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Academic excellence comes at a cost

Melanie Butler finds great CLIL summer courses, but choose with care

The demand from the CLIL countries is clear: they want summer courses with Content and Language Integrated Learning. And they want them taught by subject specialists, preferably with experience of L2 students.

Stefania Bresquar, of the Italian agents’ association IALCA, put it at a recent road show run by Language Cert: “We want physics taught in English by people who know about physics.”

This is ‘hard’ CLIL, an approach where subject specialists, trained to work with L2 children, deliver content in English while supporting language acquisition.

The main place to find such teachers in the UK is in independent boarding schools.

The international study centres, like Bishopstrow College and Sherborne International, which prepare children to join boarding schools, generally use their own staff to run the same hard-CLIL courses in the summer.

Other boarding schools bring in specialist summer teachers. Concord International, for example, employs residential specialist teachers for Maths, Science and Economics in the summer. St Clare’s Oxford recruits extra non-residential teachers and visiting experts for its summer courses in Science, Business and Art and Design.

Private sector EFL, at least in the residential sector, simply can’t afford this.

UK specialist teachers work a 50-60 hour week, including all duties and preparation time, for which they earn £1,000 a week once the 35 per cent additional holiday pay is factored in.

An EFL summer teacher, by contrast, typically works around 50-55 hours a week, including all duties, but excluding any preparation time. They typically earn just under £500 a working week, including 12 per cent holiday pay, but before the government accommodation offset of £52.82 is deducted. Such rates can easily fall below minimum wage (see box).

“Soft CLIL is a good way to improve academic language skills rather 
than subject knowledge.”

Yet with student fees around £1,000 a week, surely there’s enough money for physics teachers?

Not in the private sector. Of that £1,000 fee, the agent will typically get 40 per cent. Between 25 and 40 per cent goes to the venue, for board and lodging for students and staff. That leaves £200-£350 a week to cover teaching, activities, day trips, 24-hour pastoral care and more.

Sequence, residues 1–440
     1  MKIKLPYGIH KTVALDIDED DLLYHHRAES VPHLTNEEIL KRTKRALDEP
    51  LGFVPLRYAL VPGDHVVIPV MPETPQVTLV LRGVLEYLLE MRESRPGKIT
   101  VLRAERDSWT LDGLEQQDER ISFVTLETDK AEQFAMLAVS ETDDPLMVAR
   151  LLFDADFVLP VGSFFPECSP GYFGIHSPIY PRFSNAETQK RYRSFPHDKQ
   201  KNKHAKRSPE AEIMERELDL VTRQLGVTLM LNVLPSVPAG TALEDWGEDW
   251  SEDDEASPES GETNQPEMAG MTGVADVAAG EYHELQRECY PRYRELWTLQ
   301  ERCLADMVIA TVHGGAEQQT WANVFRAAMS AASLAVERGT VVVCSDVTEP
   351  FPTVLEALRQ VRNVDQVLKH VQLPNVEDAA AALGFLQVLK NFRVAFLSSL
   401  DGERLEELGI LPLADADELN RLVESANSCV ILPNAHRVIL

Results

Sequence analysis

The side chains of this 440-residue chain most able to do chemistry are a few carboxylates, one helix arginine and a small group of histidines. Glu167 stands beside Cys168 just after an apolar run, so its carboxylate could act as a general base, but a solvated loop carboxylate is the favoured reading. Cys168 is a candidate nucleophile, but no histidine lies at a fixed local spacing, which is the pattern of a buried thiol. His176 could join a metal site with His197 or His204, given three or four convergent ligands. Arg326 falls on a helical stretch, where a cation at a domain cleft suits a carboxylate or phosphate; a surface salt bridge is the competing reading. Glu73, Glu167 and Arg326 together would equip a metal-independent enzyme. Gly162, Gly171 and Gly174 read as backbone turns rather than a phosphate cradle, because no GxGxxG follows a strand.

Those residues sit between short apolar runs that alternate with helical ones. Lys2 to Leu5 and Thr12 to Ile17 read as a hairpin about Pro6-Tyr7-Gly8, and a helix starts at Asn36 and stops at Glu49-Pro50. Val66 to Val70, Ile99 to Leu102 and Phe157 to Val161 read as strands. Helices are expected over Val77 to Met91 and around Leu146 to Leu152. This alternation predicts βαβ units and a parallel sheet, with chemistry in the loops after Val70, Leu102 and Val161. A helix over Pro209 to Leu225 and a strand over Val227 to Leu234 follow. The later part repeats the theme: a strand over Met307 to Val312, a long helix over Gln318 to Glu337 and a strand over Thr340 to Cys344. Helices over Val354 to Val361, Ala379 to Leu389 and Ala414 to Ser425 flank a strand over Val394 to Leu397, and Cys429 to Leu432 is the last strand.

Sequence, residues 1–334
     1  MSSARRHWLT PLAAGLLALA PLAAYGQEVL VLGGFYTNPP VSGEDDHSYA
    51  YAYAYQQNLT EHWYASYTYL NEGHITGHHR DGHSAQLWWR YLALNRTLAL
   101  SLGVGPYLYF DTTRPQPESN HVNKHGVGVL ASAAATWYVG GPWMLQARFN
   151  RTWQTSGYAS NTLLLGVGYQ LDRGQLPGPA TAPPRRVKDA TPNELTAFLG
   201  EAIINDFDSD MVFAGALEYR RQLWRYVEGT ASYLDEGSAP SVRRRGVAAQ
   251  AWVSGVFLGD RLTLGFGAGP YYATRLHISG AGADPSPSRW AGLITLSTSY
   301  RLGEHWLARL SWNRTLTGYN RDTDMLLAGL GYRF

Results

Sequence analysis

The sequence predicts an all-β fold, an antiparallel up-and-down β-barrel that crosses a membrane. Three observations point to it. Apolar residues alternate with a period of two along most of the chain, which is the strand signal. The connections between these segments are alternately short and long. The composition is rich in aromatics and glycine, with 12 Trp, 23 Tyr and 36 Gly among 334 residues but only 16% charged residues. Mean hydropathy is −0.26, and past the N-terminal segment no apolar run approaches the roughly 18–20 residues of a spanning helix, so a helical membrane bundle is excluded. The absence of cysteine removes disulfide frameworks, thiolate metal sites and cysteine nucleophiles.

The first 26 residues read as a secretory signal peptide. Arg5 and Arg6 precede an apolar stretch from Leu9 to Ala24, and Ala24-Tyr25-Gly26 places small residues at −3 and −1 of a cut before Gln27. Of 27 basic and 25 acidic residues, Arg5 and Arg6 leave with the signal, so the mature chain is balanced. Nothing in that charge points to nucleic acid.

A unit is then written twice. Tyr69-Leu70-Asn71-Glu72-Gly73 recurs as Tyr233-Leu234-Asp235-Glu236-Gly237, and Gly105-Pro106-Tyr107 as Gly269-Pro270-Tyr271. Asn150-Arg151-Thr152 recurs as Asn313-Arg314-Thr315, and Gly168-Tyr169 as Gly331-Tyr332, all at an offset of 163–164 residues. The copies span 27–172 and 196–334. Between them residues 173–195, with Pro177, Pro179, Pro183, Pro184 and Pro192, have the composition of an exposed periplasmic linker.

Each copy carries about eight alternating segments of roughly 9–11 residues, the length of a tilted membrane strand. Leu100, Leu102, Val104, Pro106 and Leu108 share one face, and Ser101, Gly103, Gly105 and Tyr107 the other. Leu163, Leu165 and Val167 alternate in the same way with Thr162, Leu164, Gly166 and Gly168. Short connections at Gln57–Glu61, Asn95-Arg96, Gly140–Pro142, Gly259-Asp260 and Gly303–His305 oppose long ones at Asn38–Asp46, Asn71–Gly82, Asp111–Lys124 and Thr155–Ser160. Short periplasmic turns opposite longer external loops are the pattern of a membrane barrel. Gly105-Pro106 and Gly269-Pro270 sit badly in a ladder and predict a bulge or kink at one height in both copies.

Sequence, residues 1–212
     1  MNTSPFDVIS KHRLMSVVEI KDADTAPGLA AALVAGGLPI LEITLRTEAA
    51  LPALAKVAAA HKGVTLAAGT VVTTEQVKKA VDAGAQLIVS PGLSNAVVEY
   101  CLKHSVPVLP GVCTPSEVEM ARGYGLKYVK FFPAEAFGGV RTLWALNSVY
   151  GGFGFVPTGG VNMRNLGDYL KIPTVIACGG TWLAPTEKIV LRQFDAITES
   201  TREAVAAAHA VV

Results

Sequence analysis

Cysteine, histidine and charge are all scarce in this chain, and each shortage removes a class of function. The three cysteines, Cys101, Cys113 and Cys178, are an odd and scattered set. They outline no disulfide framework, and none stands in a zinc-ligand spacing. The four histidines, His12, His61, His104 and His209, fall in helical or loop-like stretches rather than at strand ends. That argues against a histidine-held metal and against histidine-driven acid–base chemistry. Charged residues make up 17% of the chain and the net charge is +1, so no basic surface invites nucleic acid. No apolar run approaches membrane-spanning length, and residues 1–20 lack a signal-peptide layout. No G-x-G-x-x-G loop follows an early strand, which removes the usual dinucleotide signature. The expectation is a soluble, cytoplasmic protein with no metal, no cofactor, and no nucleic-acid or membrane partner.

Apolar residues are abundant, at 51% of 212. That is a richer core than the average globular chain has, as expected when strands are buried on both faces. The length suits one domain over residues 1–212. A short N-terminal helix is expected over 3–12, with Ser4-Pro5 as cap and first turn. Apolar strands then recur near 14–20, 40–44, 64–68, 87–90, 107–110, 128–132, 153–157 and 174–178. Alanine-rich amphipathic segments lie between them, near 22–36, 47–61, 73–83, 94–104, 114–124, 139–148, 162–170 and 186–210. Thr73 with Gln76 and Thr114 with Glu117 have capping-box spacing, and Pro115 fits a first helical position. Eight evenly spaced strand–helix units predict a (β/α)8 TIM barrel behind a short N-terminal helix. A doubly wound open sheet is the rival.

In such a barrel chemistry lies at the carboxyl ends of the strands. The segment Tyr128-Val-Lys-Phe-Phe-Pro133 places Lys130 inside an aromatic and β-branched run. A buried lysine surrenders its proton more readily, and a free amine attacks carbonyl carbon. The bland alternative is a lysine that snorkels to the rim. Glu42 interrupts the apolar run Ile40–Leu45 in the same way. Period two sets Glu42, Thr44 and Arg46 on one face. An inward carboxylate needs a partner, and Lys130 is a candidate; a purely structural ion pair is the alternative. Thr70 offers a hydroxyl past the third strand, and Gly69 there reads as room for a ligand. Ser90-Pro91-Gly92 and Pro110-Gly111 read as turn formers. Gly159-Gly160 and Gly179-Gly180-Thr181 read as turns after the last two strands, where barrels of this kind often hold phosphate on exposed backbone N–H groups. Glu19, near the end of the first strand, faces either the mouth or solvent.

Boarding schools don’t have a problem. They pay agents a maximum of 20 per cent and, as long as they own the venue, the other 80 per cent goes to them

Which is not to say private providers don’t offer effective academic courses.

Some top providers use specialist subject teachers with EFL qualifications, which is the kind of hard CLIL agents say they want.

Others use visiting university postgrads to deliver lectures or lab sessions. This approach is known as ‘English as a Medium of Instruction’. It can work well on pre-university programmes with B2 level students, but may be less effective with low-level learners or under-16s.

A few use EFL teachers with a degree in the relevant academic subject, to run hands-on courses or workshops. This approach is known as soft CLIL and is a good way to improve academic language skills rather than subject knowledge.

Non-residential summer schools could easily run hard CLIL courses because venue costs are much lower. But they are very rare.

Emerald Cultural Institute in Ireland has an English and STEM course. Students do 10 hours a week in the language school and ten hours a week studying science at Trinity College Dublin’s Trinity Walton Club.

And the cost? About £1,000 a week if you include £180 for the host family.

Image courtesy of St. Clare's Oxford
Melanie Butler
Melanie Butler
Melanie started teaching EFL in Iran in 1975. She worked for the BBC World Service, Pearson/Longman and MET magazine before taking over at the Gazette in 1987 and also launching Study Travel magazine. Educated in ten schools in seven countries, she speaks fluent French and Spanish and rather rusty Italian.
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